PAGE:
- -30- then and now (8/22/18)2
- Meet Mable at Mable's Cafe in Chaffee (8/20/18)
- Willow Grove Rockets Skate Club (8/15/18)
- Central Municipal Pool built in 1979 (8/13/18)
- Hecht's Store founder returns to Main street (8/8/18)
- Land acquired to build SEMO Port (8/6/18)
- St. Vincent's Seminary ends after 136 years (8/1/18)
Members of the Women's Civil Defense Council posed for this picture that was published April 28, 1956. The poster at right reads: "Make no mistake... Civilians can be bombed!" From the left, standing: Mrs. A.E. Landgraf, first aid chairman; Mrs. Luther Hahs, chairman speakers bureau, and Mrs. D.B. Elrod, home nursing chairman. Seated: Mrs. H.K. Carter, assistant director women's activities; Mrs. W.A. Ownbey, council chairman; Mrs. Gerald Flynn, secretary, and Miss Ione Hirsch, vice chairman. (G.D. Fronabarger photo)
The photograph was published in a special section devoted to a report of the civil defense activity in the community, in the state and in the nation. It was the first special section on civil defense to be issued in Missouri.
Cape Girardeau and The Missourian were selected because of the civil defense activity here and the accomplishments which had won it state and national attention. The section called attention to the necessity of being prepared in case of any emergency.
Oct. 18, 1961 Southeast Missourian
Fallout Shelters Interest Cape Girardeau Residents
The chance of the average citizen in Cape Girardeau finding a suitable shelter from radiation fallout in case of a nuclear attack, unless he prepares his own home, is slim.
There are a number of basements with thick concrete walls that would protect sensitive human cells from the alpha and beta particles and gamma radiation which are released after a nuclear weapon is exploded.
But these basements have no supplies with which to preserve human life for a prescribed period of time.
This was pointed out by Vernon Auer, city Civil Defense director. "The basement at home would be the best place for residents to take shelter because they have supplies there--food, clothing, toilet facilities and so forth," he said.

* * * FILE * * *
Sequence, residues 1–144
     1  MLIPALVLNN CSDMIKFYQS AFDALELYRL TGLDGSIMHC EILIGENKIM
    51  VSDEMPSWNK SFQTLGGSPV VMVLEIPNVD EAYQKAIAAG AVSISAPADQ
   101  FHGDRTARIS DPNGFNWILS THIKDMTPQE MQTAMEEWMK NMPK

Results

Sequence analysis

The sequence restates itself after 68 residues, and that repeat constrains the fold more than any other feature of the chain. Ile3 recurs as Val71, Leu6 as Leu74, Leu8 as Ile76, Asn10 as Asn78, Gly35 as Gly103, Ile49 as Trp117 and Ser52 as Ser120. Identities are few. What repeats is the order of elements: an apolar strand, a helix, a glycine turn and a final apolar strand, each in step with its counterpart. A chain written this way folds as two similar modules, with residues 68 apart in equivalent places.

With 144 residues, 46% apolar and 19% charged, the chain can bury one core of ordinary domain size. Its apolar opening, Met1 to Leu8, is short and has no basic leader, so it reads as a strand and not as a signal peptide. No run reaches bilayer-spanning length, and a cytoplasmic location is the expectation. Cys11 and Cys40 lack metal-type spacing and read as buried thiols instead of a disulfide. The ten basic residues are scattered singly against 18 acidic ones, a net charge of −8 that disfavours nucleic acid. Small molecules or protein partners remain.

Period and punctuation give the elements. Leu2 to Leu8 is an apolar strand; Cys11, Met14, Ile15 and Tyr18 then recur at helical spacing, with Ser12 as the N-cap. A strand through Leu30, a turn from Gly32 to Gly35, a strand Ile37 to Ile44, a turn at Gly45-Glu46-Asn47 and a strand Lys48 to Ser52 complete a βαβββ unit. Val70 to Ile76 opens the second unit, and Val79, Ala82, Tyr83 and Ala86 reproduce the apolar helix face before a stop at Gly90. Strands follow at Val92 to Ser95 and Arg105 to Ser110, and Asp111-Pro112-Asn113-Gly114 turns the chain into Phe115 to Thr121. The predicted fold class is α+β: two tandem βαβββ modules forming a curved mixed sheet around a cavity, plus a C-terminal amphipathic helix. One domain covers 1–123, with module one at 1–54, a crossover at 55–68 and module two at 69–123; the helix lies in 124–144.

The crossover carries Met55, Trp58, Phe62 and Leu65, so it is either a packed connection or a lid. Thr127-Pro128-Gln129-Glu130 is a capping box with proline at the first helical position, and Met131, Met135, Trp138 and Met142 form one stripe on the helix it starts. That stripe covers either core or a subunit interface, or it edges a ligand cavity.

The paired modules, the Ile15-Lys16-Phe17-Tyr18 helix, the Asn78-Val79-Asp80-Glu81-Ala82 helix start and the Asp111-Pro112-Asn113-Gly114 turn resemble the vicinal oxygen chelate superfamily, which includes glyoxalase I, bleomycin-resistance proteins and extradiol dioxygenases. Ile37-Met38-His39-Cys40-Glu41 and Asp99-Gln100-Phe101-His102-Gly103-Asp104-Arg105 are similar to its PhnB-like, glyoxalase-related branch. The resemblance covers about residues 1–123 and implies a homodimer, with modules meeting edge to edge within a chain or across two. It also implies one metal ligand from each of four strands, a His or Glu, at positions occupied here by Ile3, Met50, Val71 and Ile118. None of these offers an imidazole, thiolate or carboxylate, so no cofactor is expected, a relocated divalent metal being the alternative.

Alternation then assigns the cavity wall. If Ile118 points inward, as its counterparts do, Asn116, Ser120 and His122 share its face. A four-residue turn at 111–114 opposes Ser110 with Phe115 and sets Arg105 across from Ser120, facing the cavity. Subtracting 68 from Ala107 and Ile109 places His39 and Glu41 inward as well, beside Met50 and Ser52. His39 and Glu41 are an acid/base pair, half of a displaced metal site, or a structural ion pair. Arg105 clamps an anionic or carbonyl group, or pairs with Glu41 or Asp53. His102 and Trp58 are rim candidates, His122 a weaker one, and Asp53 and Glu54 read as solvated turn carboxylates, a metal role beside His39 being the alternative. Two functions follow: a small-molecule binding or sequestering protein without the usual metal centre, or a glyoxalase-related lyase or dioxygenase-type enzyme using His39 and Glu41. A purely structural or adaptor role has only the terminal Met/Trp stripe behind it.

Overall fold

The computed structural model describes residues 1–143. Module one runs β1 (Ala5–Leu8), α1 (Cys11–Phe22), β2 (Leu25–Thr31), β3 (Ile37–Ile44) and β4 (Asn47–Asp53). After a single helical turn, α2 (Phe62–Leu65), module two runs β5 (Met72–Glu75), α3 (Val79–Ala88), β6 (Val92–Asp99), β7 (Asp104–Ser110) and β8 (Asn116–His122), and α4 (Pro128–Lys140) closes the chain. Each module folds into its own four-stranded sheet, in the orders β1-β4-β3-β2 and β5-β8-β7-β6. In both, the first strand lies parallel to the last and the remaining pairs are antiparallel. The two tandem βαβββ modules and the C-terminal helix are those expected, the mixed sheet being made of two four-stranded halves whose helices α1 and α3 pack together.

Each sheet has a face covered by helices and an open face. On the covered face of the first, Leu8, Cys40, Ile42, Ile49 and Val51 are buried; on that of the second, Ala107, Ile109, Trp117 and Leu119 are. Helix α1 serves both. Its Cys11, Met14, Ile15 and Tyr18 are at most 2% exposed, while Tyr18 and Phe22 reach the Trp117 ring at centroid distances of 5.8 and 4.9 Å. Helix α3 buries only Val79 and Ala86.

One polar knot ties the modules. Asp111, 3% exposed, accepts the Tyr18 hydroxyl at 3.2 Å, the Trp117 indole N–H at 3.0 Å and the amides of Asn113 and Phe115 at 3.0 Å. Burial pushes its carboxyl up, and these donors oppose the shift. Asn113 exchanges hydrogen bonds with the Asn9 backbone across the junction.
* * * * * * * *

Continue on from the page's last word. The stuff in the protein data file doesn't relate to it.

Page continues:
Mr. Auer felt that any basement, however, would make a good shelter area. He mentioned apartment house basements, basements in commercial buildings around the city and even the underground quarry at the Federal Materials Co., on South Sprigg Street Road. "Any hiding place with few exposures would be good," he added. "Any basement will give a limited amount of protection."
He named the Common Pleas courthouse, and the postoffice as strongly built structures that would probably be good buildings in which to take shelter.
Mr. Auer, who is also commander of the 9548th Air Reserve Recovery Squadron, showed doubt about the public's attitude in connection with an all out attack on this country.
"If we had an attack right now, I don't think most people would know what to do," the veteran of World War II said. "Those who know the dangers and hadn't made preparation would probably panic."
A major in the Air Reserve, Mr. Auer feels that the events following a nuclear attack are so unpredictable that anything could happen.
He noted that the Air Force is concerned about how reservists would react, and if they could be depended upon to leave their families, if in danger, to carry out their military duties.
L. J. Schultz, superintendent of schools, said that the city's schools weren't built with shelter from radioactive fallout in mind.
He noted that Central High School, Junior High School and Lorimier School have large basements which would accommodate the students, but pointed out too that Jefferson and Alma Schrader schools don't have basements at all.
In other schools, basements exist, but they're not big enough to hold the student body, he said. Regular fire and tornado drills are held, Mr. Schultz said, with the students lining up in the first floor corridors.
If the city is alerted to a nuclear attack, schools are instructed to send their children straight home. Mr. Schultz feels this plan is good because the parents would want to be with their children in case of a disaster anyway. Time probably would permit this evacuation.
Gov. James Dalton announced recently that the Missouri Civil Defense Agency will work closely with the U.S. Corps of Engineers in a program of surveying all public buildings in larger Missouri cities to determine shelter capabilities. However, the local office of the Corps of Engineers has no information about the plan.
The governor also was quoted in news dispatches as saying he would ask mayors of Missouri cities to provide a list of available public buildings for fallout shelters. Mayor Walter H. Ford said he had received no request for such information.
Allen Robinson, manager of the Chamber of Commerce, said the Chamber would be happy to cooperate with the city if a committee was formed to determine fallout shelter space available in public and private buildings.
The Chamber of Commerce of the United States has urged cooperation of local chambers and businessmen generally with a Defense Department survey of public and private space about December 1.
Bob Eckelmann, who heads the Auxiliary Police united which concerns itself largely with Civil Defense work, said that no late information has been received from state headquarters about the marking or supplying of public and private shelter space.
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